By Chris Parker
By Jesse Marx
By John Baichtal
By Olivia LaVecchia
By Jesse Marx
By Olivia LaVecchia
By Tatiana Craine
By Judy Keen
A little more than 20 years ago, in an administration fearful of Minneapolis cops being unfairly targeted by a newly formed Department of Civil Rights (DCR), Mayor Charles Stenvig led a campaign that removed police from the DCR's jurisdiction. Now, with a self-described law-and-order administration and an election season tempered by strained race relations, the two-decade-old question is being raised once again: Why are Minneapolis cops the only branch of city government not subject to a department whose mission it is to enforce anti-discrimination law?
Voters will get the opportunity to answer that question in the form of a charter amendment on the November 4 election ballot. Amendment 146, as it's known by the grassroots organizers who collected enough signatures to include it on the ballot, offers voters a simple yes-or-no choice. With the darkening of an arrow using a standard-issue felt-tip pen, they can decide whether the Minneapolis Police Department should be placed back under the jurisdiction of the DCR.
The issue really boils down to logic, says DCR Executive Director Kenneth White. While he has no official position on the change, White says it "makes sense that all departments are treated consistently. I think it sends the wrong message when one city department is basically exempt from the Minneapolis civil-rights ordinance."
Message aside, the amendment's potential effects are not clear--especially when it comes to how it would affect the city's controversial Civilian Police Review Authority. For reasons that include its slow case turnover and the small number of cases ever fully investigated, the CPRA has been deemed a big dog with no teeth. Even if it finds in favor of a complainant, the authority can only make recommendations to the police chief as to how the situation should be handled. By contrast, the Civil Rights Commission--the judicial arm of the Department of Civil Rights--has the same powers as an administrative court. It is also able to assign monetary awards.
But if proponents of Amendment 146 believe that the DCR would take over most of the civilian-review board's caseload, they may be in for a surprise. For one thing, White notes, most of the CPRA's complaints involve police misconduct, and those cases do not necessarily qualify for discrimination charges. "In the event that there is a case of misconduct and discrimination, it would probably still go before civilian review," he says.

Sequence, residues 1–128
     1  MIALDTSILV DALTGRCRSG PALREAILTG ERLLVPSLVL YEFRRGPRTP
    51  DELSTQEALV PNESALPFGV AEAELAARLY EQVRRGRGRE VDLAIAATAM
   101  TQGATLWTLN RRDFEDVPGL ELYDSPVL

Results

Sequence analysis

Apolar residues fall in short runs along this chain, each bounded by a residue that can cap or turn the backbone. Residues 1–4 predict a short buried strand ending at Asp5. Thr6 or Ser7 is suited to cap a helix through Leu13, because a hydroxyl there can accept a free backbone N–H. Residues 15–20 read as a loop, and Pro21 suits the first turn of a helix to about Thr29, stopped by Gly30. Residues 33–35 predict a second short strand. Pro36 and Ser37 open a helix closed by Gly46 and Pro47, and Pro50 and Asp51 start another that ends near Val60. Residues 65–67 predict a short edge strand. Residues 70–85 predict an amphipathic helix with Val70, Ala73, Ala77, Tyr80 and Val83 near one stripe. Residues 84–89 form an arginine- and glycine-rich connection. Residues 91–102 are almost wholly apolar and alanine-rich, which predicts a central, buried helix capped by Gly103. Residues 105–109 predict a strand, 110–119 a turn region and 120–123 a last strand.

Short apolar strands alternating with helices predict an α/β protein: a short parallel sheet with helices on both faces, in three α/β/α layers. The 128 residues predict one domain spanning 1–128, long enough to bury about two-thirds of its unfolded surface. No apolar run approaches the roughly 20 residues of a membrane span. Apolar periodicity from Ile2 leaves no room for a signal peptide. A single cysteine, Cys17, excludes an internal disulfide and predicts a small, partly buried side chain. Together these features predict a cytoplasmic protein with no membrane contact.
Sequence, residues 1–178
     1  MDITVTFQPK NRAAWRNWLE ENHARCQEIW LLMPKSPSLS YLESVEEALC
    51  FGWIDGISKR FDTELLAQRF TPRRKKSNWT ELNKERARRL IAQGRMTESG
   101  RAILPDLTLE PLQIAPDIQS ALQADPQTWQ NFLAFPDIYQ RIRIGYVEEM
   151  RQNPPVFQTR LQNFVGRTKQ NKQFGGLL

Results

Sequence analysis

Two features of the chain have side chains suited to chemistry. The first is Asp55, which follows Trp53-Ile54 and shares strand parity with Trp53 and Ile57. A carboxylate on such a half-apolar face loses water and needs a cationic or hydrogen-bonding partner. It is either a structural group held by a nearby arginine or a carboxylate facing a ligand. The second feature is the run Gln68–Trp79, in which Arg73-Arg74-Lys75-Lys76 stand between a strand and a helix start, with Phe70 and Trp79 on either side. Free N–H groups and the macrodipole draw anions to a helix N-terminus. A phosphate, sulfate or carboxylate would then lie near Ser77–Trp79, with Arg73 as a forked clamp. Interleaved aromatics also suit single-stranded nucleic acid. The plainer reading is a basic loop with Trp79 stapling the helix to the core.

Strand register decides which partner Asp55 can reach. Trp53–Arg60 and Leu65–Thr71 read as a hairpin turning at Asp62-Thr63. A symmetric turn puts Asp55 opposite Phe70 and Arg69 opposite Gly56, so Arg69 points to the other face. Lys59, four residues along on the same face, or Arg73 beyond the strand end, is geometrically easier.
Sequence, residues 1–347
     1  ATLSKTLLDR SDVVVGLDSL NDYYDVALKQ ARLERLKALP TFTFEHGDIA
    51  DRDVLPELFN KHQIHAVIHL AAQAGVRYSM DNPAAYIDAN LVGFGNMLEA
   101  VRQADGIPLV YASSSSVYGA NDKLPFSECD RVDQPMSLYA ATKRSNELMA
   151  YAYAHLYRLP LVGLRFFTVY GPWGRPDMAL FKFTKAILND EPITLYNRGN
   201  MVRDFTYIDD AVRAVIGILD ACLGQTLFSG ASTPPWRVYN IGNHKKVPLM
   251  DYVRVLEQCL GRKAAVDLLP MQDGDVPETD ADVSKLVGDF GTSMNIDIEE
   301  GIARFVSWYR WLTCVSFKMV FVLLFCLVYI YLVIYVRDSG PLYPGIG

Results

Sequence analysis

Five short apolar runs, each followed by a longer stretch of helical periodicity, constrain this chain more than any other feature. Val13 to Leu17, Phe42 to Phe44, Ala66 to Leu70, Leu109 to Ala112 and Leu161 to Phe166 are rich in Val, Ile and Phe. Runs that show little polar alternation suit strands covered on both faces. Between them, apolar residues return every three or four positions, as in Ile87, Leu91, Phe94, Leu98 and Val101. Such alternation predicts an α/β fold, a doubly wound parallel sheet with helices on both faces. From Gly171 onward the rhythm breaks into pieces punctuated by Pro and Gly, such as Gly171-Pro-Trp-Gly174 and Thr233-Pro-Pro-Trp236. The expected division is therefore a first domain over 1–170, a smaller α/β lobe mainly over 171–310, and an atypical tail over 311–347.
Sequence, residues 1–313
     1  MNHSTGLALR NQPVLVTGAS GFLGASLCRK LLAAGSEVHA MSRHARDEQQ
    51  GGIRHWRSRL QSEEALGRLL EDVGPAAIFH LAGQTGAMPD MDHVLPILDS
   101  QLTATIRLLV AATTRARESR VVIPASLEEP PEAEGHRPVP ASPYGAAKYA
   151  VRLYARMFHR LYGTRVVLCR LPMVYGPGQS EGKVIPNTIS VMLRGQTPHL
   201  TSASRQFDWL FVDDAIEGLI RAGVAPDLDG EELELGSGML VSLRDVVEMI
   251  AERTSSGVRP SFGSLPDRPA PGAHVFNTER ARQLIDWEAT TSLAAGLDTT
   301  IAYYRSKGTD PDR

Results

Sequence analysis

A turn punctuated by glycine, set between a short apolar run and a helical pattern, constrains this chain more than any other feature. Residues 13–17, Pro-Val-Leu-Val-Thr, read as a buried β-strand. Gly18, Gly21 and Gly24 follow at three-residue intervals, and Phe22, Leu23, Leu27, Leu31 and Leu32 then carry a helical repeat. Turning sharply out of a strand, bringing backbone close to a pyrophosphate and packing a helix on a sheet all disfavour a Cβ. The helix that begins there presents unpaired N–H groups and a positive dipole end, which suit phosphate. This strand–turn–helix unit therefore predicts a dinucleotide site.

If history is any guide, the DCR would likely be more active handling complaints brought by those who've been denied jobs or fired due to alleged discrimination by the MPD. Employment discrimination accounted for 82 percent of the department's caseload from 1987 to 1995; just under 60 percent of those complaints were based on race. Complaints in the area of "public services," which would include police if the amendment passes, made up a mere 1 percent of the caseload. And, says DCR Community Relations Officer Alanna Tyler, 146 will do nothing to affect the employment disparity between white officers and officers of color; that, she says, is already being handled by the city's affirmative-action department.
But if the amendment may not do much to reduce the CPRA's caseload, it could affect its future nonetheless. Within the last year, the CPRA has come under fire by Minneapolis City Council members who claim the agency has not been effective and is ultimately undeserving of its six-figure budget. Critics proposed making the independent agency a branch of the City Coordinator Kathy O'Brien's office, and a "redesign task force" was appointed. Its members include White, O'Brien, Deputy City Attorney Michael Norton, and--remarkably--Police Federation attorney Jim Michels. The task force, whose public-comment period ended last week, will issue a report in mid-November.
The political catch is strikingly apparent: If passed, the measure will have a perceptible impact on only a fairly small number of complaints against police. Yet even the perception of a new agency scrutinizing the cops will help those wanting to disband the civilian-review authority. To what degree the DCR will be there to pick up the slack remains to be hashed out by politicians. In the meantime, says White, "Our position is to be visible. We want everybody to know exactly what it is we do, so in the event that they need our services, we're there."